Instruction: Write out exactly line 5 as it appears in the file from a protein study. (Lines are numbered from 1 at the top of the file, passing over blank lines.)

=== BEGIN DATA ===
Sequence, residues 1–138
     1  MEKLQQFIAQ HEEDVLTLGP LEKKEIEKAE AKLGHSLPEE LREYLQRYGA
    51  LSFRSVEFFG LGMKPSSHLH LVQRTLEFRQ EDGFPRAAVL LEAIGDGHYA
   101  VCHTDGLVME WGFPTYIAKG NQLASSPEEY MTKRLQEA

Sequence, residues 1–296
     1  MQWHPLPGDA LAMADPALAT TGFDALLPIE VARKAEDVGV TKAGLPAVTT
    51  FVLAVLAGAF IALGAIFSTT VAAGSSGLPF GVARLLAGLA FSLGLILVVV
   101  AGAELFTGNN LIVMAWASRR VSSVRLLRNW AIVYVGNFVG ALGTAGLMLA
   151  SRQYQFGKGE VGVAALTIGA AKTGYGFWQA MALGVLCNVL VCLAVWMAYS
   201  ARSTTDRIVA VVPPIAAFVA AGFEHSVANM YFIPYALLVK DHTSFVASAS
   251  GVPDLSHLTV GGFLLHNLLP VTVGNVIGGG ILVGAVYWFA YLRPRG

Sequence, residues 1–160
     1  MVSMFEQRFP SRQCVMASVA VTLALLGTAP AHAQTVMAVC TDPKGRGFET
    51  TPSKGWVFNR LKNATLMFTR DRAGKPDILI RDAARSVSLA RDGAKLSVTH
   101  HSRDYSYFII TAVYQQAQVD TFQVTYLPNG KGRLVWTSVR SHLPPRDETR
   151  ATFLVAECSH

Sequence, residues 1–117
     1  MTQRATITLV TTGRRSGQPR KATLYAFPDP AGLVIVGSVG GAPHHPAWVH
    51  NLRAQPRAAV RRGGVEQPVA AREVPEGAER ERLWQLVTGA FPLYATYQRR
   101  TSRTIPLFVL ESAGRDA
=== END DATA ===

Sequence, residues 1–296